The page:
See which items are costing more in 2021.
- Well, new this morning, Americans emerging from a year spent at home are in for a surprise at the store. There are prices rising on just about everything from gas to groceries. Makenzie O'Keefe joins us from the CBSN Denver studio. Mackenzie, Americans can look forward to paying a lot more for just the basics.
MAKENZIE O'KEEFE: Yeah, that's right. And just to give an idea about those price hikes, citrus fruit has gone up by almost 10% and beef prices up more than 7%. Then you've probably noticed at the pump, gas prices have also skyrocketed by more than 22% compared to last year. UCLA senior economist Leo Feller says that when gas prices fell so low last year, it actually put some oil producers out of business. And then production still hasn't caught up as drivers hit the road once again. Meanwhile, demand for groceries is up 11%. And that's because people hunkered down at home. And that put pressure on suppliers, which then drove up food prices.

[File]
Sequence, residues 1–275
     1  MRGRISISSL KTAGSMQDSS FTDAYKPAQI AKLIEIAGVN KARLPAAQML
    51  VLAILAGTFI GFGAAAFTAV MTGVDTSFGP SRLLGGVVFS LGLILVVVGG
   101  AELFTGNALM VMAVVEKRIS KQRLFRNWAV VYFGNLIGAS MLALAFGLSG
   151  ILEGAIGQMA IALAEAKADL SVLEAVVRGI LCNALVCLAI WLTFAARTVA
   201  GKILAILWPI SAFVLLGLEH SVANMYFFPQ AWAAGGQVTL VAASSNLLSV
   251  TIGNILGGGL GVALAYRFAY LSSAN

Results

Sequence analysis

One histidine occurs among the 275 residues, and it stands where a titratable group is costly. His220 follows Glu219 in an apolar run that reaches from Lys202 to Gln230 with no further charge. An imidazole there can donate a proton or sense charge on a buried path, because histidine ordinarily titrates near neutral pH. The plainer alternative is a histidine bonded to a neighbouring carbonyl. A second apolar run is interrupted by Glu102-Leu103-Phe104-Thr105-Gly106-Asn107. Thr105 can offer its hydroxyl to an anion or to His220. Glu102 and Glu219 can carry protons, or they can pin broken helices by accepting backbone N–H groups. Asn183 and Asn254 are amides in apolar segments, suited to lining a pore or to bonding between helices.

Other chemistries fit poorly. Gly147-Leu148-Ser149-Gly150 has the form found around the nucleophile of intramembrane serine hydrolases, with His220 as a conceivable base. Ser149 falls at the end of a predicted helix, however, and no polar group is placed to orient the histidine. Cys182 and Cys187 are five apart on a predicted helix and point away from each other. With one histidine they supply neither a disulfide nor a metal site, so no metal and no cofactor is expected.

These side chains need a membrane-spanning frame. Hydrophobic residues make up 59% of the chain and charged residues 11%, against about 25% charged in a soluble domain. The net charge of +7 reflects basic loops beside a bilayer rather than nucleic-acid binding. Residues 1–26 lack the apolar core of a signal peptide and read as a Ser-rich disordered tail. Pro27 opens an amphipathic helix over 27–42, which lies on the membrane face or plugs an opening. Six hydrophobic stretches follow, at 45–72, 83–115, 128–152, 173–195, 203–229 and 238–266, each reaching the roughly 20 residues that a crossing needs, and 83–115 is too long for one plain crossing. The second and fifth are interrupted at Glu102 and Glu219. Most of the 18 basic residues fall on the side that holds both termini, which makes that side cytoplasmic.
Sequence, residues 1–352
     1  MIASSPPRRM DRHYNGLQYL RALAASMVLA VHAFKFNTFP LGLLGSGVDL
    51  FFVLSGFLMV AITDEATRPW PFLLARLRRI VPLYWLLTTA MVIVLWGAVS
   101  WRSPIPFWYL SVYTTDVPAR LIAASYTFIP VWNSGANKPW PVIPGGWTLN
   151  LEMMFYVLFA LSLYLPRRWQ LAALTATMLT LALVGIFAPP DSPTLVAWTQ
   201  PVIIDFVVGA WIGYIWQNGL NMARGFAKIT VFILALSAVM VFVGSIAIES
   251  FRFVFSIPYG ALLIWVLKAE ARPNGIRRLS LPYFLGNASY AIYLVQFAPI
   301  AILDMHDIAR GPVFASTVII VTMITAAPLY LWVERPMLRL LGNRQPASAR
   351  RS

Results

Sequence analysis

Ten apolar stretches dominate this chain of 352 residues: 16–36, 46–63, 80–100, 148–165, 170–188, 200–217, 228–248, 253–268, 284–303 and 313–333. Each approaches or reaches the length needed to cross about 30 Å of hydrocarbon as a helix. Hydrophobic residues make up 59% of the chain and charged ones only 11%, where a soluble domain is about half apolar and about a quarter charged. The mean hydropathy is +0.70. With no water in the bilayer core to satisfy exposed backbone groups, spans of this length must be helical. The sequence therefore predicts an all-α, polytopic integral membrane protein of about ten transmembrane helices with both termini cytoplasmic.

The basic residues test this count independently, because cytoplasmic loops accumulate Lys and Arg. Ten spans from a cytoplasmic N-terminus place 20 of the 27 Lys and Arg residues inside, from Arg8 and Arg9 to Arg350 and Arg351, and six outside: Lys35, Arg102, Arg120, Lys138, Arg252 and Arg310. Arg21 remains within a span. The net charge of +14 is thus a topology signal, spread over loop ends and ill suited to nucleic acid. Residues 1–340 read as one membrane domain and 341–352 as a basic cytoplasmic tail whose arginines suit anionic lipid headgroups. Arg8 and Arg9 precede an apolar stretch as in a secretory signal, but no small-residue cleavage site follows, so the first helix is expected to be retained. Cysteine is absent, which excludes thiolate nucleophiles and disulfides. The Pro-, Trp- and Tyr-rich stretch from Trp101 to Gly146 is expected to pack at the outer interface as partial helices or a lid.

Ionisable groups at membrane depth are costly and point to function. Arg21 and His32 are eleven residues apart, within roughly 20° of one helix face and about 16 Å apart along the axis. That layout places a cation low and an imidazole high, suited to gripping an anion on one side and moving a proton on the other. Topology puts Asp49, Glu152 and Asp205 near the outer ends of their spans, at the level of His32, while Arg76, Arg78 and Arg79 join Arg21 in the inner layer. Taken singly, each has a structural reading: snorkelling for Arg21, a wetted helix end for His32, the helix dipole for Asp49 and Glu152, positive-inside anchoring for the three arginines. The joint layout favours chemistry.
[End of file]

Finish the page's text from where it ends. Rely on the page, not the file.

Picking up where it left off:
- This will start changing as people shop less at grocery stores and as they go out more to restaurants.
- You seem pretty confident that this is not the beginning of an inflationary period.
- Yeah, I don't think. So this is very different from the 1970s. The consumers have a lot more power these days.
MAKENZIE O'KEEFE: So you can still expect basics like toilet paper and diapers, toothpaste all to cost more. Procter and Gamble, Kimberly-Clark, and Coca-Cola announced they too are increasing prices because they're paying more for raw materials that are also in short supply. So consumer prices are expected to stabilize in the coming months. But one exception may be lumber. Lumber prices have also skyrocketed by more than 300% in the last year. And that says people who are forced to isolate at home were making improvements on their houses. So right now, there is no sign that any construction will be slowing down any time soon, Don.
- But a lot of nice new looking houses.
MAKENZIE O'KEEFE: Exactly. New fences, decks, you know.
- All right. Thanks, Mackenzie.